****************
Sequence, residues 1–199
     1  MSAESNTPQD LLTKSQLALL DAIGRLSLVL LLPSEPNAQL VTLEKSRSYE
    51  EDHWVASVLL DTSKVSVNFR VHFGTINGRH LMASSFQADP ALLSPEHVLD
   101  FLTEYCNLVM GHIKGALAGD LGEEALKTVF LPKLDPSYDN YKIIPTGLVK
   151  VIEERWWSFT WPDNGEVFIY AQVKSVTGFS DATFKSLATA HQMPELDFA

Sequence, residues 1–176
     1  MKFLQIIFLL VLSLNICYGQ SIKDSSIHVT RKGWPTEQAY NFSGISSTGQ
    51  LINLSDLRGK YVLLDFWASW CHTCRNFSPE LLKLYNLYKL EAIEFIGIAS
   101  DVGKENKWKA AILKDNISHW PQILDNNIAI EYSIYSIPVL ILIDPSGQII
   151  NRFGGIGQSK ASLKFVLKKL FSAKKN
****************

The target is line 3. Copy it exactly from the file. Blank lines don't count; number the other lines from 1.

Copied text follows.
    51  EDHWVASVLL DTSKVSVNFR VHFGTINGRH LMASSFQADP ALLSPEHVLD